THIS STORY HAS BEEN FORMATTED FOR EASY PRINTING

Since he set up shop, few have set up like Okajima

By Peter Abraham
Globe Staff / February 27, 2010

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FORT MYERS, Fla. - Do not expect to run into Red Sox reliever Hideki Okajima walking the Freedom Trail this summer or enjoying a ride on one of the Swan Boats before heading over to Faneuil Hall for a bite to eat.

The lefthander, who is preparing for his fourth season in Boston, has yet to partake in any of the city’s charms, outside of Fenway Park. He is there to throw strikes, not see the sights.

“I haven’t really looked around that much. I came to Boston to play baseball, not to be a tourist,’’ Okajima said this week during one of the extended interviews he has granted since coming from Japan in 2007. “When there’s a day off this year, maybe I’ll go out some more than I have. I have heard the city is nice.’’

Okajima couldn’t even come up with the name of a favorite restaurant, tilting his head and thinking while interpreter Ryo Shinkawa waited for a response.

“I usually eat at home, my wife’s cooking is the best,’’ Okajima finally said. “That is my answer. But I have had some good Italian dinners in Boston.’’

So there’s that, at least.

Not that any of this matters to the Red Sox. Okajima is one of the most reliable setup men in the game, averaging 66 appearances in his three seasons with the club, while giving up only 155 hits over 192 innings. Okajima allowed 16 percent of inherited runners to score last season, the third-best mark in the American League. Opponents hit .138 against him with two outs and runners in scoring position.

“He’s been so good. I would have never been able to tell you his first year here that he would be able to handle the responsibility,’’ manager Terry Francona said. “Now we want him to have the ball, sometimes too much.’’

Okajima rarely breaks 90 miles per hour with his fastball, but spots it to both sides of the plate and isn’t afraid to come inside to set up the next pitch. What helps make him successful is the difficulty hitters have in finding the ball in his delivery. Okajima tilts his head downward and to his right as he releases the pitch, his eyes looking away from the plate.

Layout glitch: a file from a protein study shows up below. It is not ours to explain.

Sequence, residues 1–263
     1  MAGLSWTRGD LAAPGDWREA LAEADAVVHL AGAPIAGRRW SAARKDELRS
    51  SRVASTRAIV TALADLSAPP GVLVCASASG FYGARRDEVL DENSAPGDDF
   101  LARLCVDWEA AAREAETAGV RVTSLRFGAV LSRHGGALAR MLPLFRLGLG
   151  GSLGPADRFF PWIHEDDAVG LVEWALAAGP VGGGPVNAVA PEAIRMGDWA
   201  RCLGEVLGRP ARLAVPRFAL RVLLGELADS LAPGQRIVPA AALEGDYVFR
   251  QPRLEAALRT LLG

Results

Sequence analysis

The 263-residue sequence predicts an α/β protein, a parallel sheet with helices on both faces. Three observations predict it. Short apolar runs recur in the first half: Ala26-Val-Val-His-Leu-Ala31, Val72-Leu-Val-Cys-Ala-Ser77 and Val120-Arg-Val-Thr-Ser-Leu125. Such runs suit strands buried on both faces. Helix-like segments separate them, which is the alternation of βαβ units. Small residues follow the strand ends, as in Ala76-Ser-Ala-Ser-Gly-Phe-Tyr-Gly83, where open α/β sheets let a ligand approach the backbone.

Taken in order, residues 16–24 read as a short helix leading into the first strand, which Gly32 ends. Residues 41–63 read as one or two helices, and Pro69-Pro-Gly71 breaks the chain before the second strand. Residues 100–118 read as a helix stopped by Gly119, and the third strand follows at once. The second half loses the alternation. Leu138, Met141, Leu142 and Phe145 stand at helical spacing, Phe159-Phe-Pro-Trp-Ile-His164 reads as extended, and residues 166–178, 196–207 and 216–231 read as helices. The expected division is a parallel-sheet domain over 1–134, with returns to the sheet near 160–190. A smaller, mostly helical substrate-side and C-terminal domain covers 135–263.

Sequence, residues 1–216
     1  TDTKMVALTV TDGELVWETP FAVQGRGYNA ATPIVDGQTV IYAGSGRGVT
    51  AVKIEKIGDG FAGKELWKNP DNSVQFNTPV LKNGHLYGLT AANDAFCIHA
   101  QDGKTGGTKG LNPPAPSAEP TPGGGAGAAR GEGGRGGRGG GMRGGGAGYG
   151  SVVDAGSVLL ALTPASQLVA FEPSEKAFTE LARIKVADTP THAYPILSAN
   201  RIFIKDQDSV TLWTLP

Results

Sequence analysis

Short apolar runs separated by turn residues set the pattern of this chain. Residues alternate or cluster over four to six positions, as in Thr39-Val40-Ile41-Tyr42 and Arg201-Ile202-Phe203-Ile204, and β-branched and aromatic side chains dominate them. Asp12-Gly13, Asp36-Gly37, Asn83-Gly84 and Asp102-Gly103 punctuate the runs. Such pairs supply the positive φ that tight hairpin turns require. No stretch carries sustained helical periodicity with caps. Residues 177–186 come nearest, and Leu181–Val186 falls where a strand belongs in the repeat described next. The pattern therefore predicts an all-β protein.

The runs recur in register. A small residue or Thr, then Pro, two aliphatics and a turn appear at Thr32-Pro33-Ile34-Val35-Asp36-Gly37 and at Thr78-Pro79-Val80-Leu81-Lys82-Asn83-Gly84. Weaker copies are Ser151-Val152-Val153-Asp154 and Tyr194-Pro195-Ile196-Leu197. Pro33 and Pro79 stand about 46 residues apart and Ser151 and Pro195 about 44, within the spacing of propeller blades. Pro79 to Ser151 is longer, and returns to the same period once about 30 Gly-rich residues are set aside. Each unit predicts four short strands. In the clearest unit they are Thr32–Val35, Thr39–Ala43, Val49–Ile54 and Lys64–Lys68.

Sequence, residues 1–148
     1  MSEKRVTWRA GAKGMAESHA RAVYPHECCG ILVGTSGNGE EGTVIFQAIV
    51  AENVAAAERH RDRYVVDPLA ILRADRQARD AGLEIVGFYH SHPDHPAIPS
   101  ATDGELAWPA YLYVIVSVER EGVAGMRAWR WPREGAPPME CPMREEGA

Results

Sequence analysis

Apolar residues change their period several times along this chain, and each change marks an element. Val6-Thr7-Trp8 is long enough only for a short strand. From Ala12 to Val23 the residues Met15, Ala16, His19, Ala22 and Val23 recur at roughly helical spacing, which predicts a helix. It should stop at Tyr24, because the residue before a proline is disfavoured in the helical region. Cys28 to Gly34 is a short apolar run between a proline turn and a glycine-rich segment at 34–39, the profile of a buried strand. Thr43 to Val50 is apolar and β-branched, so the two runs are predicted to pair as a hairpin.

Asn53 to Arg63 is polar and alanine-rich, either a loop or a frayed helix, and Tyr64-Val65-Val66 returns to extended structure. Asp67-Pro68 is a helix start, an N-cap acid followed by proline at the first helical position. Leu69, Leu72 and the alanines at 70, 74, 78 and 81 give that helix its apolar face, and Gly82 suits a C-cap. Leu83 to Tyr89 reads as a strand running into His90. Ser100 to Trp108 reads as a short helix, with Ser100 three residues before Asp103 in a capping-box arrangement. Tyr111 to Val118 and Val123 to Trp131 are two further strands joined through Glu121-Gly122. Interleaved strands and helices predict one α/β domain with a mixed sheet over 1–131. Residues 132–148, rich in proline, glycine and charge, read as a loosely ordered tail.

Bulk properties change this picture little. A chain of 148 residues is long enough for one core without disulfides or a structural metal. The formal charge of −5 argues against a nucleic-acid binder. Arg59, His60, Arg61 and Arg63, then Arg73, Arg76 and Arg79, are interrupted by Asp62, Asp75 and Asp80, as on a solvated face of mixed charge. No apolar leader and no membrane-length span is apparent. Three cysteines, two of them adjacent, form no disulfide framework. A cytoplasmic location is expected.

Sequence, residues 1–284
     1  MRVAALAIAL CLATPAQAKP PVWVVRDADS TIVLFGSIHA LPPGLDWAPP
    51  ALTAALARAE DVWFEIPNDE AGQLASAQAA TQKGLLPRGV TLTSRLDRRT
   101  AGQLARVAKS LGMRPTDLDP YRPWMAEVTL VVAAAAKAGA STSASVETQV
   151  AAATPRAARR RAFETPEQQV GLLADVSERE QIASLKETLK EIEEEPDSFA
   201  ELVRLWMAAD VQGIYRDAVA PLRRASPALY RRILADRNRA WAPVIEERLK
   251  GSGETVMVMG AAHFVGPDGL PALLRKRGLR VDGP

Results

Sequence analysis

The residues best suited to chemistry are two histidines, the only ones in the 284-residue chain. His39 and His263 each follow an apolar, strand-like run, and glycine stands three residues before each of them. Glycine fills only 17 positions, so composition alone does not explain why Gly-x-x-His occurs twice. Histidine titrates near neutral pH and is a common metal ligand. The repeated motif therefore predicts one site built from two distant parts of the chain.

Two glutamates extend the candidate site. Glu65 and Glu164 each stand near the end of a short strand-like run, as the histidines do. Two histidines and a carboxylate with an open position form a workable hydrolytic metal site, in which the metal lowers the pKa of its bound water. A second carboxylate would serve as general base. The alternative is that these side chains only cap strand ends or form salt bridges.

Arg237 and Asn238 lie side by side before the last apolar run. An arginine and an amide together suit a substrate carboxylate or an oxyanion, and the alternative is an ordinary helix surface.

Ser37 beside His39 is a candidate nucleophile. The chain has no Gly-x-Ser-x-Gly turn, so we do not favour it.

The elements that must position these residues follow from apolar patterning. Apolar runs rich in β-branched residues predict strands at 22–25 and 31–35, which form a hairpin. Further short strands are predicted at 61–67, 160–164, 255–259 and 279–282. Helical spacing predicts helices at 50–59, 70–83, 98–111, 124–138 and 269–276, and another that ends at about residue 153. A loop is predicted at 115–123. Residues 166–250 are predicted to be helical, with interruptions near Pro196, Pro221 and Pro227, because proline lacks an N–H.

He also throws a curveball with an exaggerated break, and a changeup.

“His command is flawless with a delivery that you wouldn’t teach people. But somehow that ball goes right where he wants it to,’’ Francona said.

Okajima has made even the best lefthanded hitters in the AL look foolish. Nick Markakis (4 of 18), Johnny Damon (2 for 11), Carl Crawford (1 for 10), and Carlos Pena (1 for 6) are among his more frequent victims.

But righthanded hitters pick up his delivery better. Yankees captain Derek Jeter has hit Okajima well, and Okajima’s new teammate Marco Scutaro collected hits both times he faced Okajima.

“It wasn’t easy,’’ Scutaro said. “His location is tremendous. He throws the fastball in and he changes your eye level with his breaking ball. He throws such a good changeup that his fastball looks like it’s going 100.’’

It wasn’t always like that. When Okajima arrived in Florida for his first spring training with the Red Sox, Francona was not impressed, and he told general manager Theo Epstein he had no idea how best to use the lefthander.

“He was like, ‘Relax, he’ll be fine.’ He was right,’’ Francona said.

Okajima raised some more doubts when Kansas City’s John Buck homered on the first pitch Okajima threw in the majors. But Okajima went 20 2/3 innings before giving up another run in his All-Star debut season. He has been a key member of the bullpen since.

“He’s been phenomenal,’’ Francona said. “The game just never seems to speed up for him.’’

Okajima also has been a remarkable value, costing the Red Sox only $4.2 million in base salary over the first three years of his contract. He avoided arbitration in January, accepting a one-year deal worth $2.75 million. The Red Sox have him under control for two more seasons before he can become a free agent.

The goal for Okajima in spring training is to improve his performance against righthanded hitters, who last season hit .309 against him with a .386 on-base percentage. Of 38 hits Okajima gave up against righthanders, 12 were for extra bases.

“You’d like to see that gap [between lefthanded and righthanded batters] closed,’’ said pitching coach John Farrell, who plans to work with Okajima on pitch selection and location this spring. “That’s one area of improvement for him. But he’s getting better making those adjustments.’’

Okajima, who turned 34 in December, has no plans to give up pitching, knowing lefthanded relievers often have extended careers. He said his wife and two children are happy spending nine months of the year in the United States.

“As of now, I think I’ll stay,’’ he said. “I’m in the best baseball league in the world. I feel like I want to finish my career here. Going back to play in Japan is not in my mind.

“I want to maintain what I have done here and build off my accomplishments so far. Boston has been good for me.’’

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